Q:

11/1/2012 10
A 65 year-old woman with bronchiectasis and mycobacterium avium was referred to me. She had already had a partial immunology evaluation. Her IgG was 991 mg/dl with IgG subclasses 2 and 3 deficiency and absent pneumococcal antibody titers. IgA was 61 mg/dl, and IgM was 111 mg/dl. Incidentally, she also has chronic thrombocytopenia. I checked IL12 and IFN-gamma, both of which were less than 5 pg/ml. Do I need to do further laboratory tests for function or receptors? Do I need to treat her with IFN-gamma? If so, how do you recommend I proceed.

A:

Thank you for your inquiry.

I am forwarding your inquiry to Dr. Steven Holland at the National Institute of Health who is an internationally known expert in IL-12 and interferon gamma deficiency in mycobacterium infections. As soon as we hear from Dr. Holland, we will forward his response to you.

Thank you again for your inquiry.

Sincerely,
Phil Lieberman, M.D.

We received a response from Dr. Steven Holland regarding your Ask the Expert inquiry. Thank you again for your inquiry and we hope this response is helpful to you.

Sincerely,
Phil Lieberman, M.D.

Response from Dr. Steven Holland:
This is one of the most confusing areas in current immunology. However, let me try to address the confusion. The role of IFNg/IL-12 in control of nontuberculous mycobacteria is very well established for disseminated disease. However, in limited pulmonary disease (limited to the lung parenchyma) there has not been a persuasive demonstration of immunologic impairment. I have no idea what to make of serum cytokine levels, and there certainly are no criteria for them in this patient population. We know from the fact that patients with XLA or CVID do not get pulmonary NTM infections that antibody is not a very important player in susceptibility. So personally, I would reassure this patient that her NTM is likely not due to an underlying immune defect but is due to her underlying bronchiectasis. If she has destructive lung disease and is symptomatic, she should be treated with a multidrug regimen administered by someone with extensive experience. There are several centers around the country with expertise (National Jewish in Denver, UT Tyler, Stanford, NIH) and many others with experts on staff.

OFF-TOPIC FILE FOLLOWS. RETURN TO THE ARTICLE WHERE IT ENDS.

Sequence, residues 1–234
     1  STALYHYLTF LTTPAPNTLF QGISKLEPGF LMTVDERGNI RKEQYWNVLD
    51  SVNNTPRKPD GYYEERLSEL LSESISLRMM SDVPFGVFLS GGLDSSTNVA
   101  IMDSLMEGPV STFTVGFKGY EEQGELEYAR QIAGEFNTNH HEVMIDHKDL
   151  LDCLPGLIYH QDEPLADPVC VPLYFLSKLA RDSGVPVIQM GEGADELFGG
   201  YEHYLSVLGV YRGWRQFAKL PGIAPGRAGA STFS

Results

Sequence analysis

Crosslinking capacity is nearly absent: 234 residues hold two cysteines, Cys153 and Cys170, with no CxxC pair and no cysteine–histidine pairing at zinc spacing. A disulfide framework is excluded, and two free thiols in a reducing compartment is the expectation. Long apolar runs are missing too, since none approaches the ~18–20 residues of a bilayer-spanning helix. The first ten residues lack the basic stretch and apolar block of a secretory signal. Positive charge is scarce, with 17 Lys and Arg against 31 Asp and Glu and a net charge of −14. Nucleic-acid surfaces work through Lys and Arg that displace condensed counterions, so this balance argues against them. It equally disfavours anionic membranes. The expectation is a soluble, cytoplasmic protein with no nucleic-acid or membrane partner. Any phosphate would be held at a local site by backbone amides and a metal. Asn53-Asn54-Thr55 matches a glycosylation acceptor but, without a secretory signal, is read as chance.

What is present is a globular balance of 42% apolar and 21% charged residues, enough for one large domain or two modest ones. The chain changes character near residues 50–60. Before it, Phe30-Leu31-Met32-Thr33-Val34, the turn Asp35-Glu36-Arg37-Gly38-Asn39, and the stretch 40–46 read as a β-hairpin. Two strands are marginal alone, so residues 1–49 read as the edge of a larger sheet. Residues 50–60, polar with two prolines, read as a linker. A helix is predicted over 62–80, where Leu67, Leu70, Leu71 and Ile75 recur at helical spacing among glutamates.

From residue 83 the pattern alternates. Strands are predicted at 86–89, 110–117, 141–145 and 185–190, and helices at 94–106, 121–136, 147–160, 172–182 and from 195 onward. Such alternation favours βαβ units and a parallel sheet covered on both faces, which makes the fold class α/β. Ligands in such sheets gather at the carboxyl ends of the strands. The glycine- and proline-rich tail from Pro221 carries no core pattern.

Now, in your patient's case, the only puzzle is why she has thrombocytopenia, since that is not part of the spectrum of pulmonary NTM disease. Has a bone marrow been done? Please feel free to contact me directly with any questions.

Steve Holland

AAAAI - American Academy of Allergy Asthma & Immunology